Might we suggest a scent appreciation session is in order, where you can sit and relax, perhaps sip a chilled glass of something lovely, and appreciate sniffing each of these garden-centric scents in turn, while browsing through The Scented Letter magazine? How much more salubrious that sounds than battling the throngs of school-holiday crowds – getting to try a whole new wardrobe of fragrances in your own home (or garden!), and in your own time. Bliss!
The Fragrance Foundation Jasmine Awards 2023 finalists have just been announced, so if you heard a high-pitched sound and dashed to check your fire alarm batteries didn’t need changing – worry not: it was merely the sound of The Perfume Society team squealing with joy!
The Fragrance Foundation says: ‘Launched in the UK in 1990 the Jasmine Awards are recognised as the most prestigious journalistic awards in the beauty industry. They recognise and reward the talents of journalists & visualisers whose difficult task it is to translate the complex art of perfumery into words and pictures.’
That moment of mounting panic when you suddenly realise – you’ve left it too late to post a gift! Uh-oh. But hey, it’s okay – people understand (especially this year with postal strikes and snow causing chaos). Don’t worry: sit back and relax, as we’ve got scent gift solutions you don’t need to post, and which last an entire YEAR…
Here are some ideas that you can ‘gift’ your recipient with immediately, no postage required – simply write them a lovely card and explain you’ve treated them to one of the following (with fragrant swag to follow). If they love to smell great, we guarantee they’ll be delighted…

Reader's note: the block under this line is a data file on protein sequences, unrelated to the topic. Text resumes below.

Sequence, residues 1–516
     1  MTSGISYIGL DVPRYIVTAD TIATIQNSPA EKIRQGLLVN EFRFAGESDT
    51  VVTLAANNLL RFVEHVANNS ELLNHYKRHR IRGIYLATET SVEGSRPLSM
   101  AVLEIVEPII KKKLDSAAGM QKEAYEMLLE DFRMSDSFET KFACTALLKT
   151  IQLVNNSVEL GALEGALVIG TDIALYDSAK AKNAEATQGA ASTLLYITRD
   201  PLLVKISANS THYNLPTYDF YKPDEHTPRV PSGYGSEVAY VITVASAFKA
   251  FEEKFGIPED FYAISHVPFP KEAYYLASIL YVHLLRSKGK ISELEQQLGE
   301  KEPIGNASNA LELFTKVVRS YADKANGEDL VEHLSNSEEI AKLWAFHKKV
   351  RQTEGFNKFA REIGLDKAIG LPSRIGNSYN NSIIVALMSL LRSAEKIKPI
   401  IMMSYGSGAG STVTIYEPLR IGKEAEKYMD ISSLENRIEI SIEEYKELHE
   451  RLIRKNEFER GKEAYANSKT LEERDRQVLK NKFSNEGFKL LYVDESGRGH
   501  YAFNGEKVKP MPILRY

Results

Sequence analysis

• Exclusive member’s discount on our Perfume Society Discovery Boxes
• Event Tickets: Early access to events – virtually and in real life…meeting with leading ‘noses’ and key figures from the perfume world.
• Exclusive Competitions: just for VIPs.
Give them the gift of award-winning fragrance journalism:
For people who love print (we must admit to being partial – for longer features, especially), give them a year of fragrant reading with a Scented Letter magazine Print Subscription for £60. The multi-award winning magazine has won prestigious Jasmine Awards by The Fragrance Foundation, and been described as a ‘must-read’ by industry insiders and perfume-lovers alike. We are delighted that in addition to our digital magazine we can now offer this print subscription of The Scented Letter, delivered to their door.
Appearing seasonally, four times a year, this utterly beautiful magazine beguiles with at least 60 pages of in-depth features, perfume news, features and much more is bound to take you ever-deeper into the scented world. In addition, we feature all the breaking scent news, interviews with ‘noses’ and other creators, alongside fragrant features by the world’s leading fragrance writers. To be read time and again, and adorn their coffee table for years to come!